Alex Herz

May 01, 2001, 09:56 AM

just 2 things...

first of all Anton..it does look pretty cool and that everybody is urging you to open the details how you did it should be seen as a compliment from the site of the flipcoders..if it was just another landscape or what ever, nobody would give a damn how ya did it.
but if it is *just* an implementation of something explained in some paper you should rather say that than to pretend you made it up yourself (by saying nothing)..this would be just stolen..

secondly I think that generally spoken developers should work together where ever possible..if you hide away your idea from the rest of the world nobody can improve it or built up on it(apart from you) and as you're just one errorfull human(as we all are) you're likely to miss a lot of things that could be done with it in the future..
if pythagoras had kept his maths stuff for himself and all the former *developers* after him we'd still use our fingers to count appples we bought on the market rather than making cool 3d shit..

I know that this is not compatible to many firms out there sadly..
the first things you have to sign even before your contract is an NDA saying you musn't say anything to anybody sadly..
Here ppl should learn from carmack's way of working..

uh..and carmack should do something new by the way..I'm bored of all the bsp pvs lightmapped stuff floating around all over the net..
pvs is brute force..and no way elegant or anything...

Alex

 
Punchey

May 01, 2001, 10:05 AM

In case I havn't made it clear, I find this IOTD to be very impressive. Indeed, I don't know what you guys are talking about when you say you don't see the radiosity. What were you expecting to see? Anyway, I also note that portions of the shadow that are closer to the caster are sharper and portions farther away are more blurred. Once again, very realistic. And it's not likley that this is being done with straight ol' blurring of a texture since that would yield a uniform blur across the whole of the shadow.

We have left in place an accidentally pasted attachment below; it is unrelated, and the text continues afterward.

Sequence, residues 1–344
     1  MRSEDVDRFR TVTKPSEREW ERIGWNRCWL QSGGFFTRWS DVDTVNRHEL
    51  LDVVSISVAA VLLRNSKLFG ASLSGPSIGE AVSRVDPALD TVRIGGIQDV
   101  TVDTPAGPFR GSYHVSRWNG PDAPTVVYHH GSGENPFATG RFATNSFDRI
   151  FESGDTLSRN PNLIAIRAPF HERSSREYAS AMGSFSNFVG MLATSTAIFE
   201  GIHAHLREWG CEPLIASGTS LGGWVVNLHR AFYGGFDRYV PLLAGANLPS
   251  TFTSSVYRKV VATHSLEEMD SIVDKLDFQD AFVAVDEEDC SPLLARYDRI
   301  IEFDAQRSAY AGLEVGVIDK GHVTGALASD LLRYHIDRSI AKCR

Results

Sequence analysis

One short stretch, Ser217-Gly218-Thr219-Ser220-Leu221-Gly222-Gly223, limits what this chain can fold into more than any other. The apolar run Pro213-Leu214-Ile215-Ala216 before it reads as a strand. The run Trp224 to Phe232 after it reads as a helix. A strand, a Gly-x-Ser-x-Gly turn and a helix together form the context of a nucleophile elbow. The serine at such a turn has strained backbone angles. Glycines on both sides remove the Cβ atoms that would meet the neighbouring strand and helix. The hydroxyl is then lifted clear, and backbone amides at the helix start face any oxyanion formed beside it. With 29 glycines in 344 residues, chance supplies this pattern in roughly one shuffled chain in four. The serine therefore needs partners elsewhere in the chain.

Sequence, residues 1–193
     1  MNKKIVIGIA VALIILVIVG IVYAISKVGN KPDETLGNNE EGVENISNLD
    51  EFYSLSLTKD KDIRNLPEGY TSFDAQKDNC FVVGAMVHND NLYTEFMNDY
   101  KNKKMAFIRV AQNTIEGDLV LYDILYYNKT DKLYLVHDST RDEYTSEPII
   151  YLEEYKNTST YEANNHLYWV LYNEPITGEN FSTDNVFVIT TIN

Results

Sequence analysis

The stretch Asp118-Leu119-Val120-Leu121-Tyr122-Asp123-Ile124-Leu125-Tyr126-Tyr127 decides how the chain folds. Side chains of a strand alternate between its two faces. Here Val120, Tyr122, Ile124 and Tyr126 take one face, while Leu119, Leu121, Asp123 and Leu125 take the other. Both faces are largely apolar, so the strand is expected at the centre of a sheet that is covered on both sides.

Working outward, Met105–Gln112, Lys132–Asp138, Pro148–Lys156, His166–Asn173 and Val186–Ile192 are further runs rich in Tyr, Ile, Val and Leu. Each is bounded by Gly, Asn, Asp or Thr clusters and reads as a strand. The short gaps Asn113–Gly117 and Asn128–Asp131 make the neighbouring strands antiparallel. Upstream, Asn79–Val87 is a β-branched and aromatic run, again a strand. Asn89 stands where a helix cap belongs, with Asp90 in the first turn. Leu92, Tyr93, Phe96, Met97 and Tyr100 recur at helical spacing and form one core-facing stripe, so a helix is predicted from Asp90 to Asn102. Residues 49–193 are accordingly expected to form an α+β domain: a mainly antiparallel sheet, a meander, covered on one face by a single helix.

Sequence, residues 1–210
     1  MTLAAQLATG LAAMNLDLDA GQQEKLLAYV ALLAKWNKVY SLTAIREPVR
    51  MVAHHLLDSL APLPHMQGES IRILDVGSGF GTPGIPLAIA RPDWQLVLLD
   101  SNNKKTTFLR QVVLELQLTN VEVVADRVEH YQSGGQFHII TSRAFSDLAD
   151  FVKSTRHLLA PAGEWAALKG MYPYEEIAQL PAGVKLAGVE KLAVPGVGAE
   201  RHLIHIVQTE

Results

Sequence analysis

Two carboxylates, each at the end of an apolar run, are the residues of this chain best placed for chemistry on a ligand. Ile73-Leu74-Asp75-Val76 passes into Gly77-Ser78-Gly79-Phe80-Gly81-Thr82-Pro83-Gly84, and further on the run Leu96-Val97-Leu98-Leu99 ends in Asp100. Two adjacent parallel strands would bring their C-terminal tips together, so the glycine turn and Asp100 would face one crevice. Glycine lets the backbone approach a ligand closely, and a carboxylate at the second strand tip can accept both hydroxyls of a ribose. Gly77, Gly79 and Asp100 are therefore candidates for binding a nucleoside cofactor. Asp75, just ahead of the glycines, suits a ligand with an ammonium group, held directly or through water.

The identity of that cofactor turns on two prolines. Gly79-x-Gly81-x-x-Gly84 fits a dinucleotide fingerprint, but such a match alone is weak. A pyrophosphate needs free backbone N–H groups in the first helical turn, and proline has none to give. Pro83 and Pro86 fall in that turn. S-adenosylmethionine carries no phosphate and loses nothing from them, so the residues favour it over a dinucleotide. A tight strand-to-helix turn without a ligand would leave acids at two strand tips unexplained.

And I, for one, find 25fps to be very impressive regardless of the fact that it is not operable in an actual game. It is still a great step forward and illustrates that not long from now it WILL be possible in realtime in an actual application.

The only thing I see missing - and correct me if I'm wrong here - is self-shadowing.

Good job. And don't hesitate to publish a paper about it at your earliest convenience! ;-)

 
Anton Knyazev

May 01, 2001, 10:14 AM

I do believe that self-shadowing does not need visible penumbra effects, neither it needs to be smooth, so it can be done separately using, for example, stencil approach (since in this case its major bottleneck - overdraw - can be eliminated)

 
Anton Knyazev

May 01, 2001, 10:23 AM

No, I believe there's no paper on this technique.

And I think it would be boring if I just told the details. It's a site about games; IOTD is a game, too. It's funnier to guess the way then just read it, especially taking into account that it's not of practical value on current hardware. Besides, my management is undecided about whether I should just describe the method publicly.

 
fluffy

May 01, 2001, 10:26 PM

What I meant by "I cannot see the radiosity" was just that there's nothing to indicate that there's any radiosity processing - i.e. there's no visible diffuse interreflections coming off of the objects. Hence, there's no way to tell that it's not just fancy ambient lighting.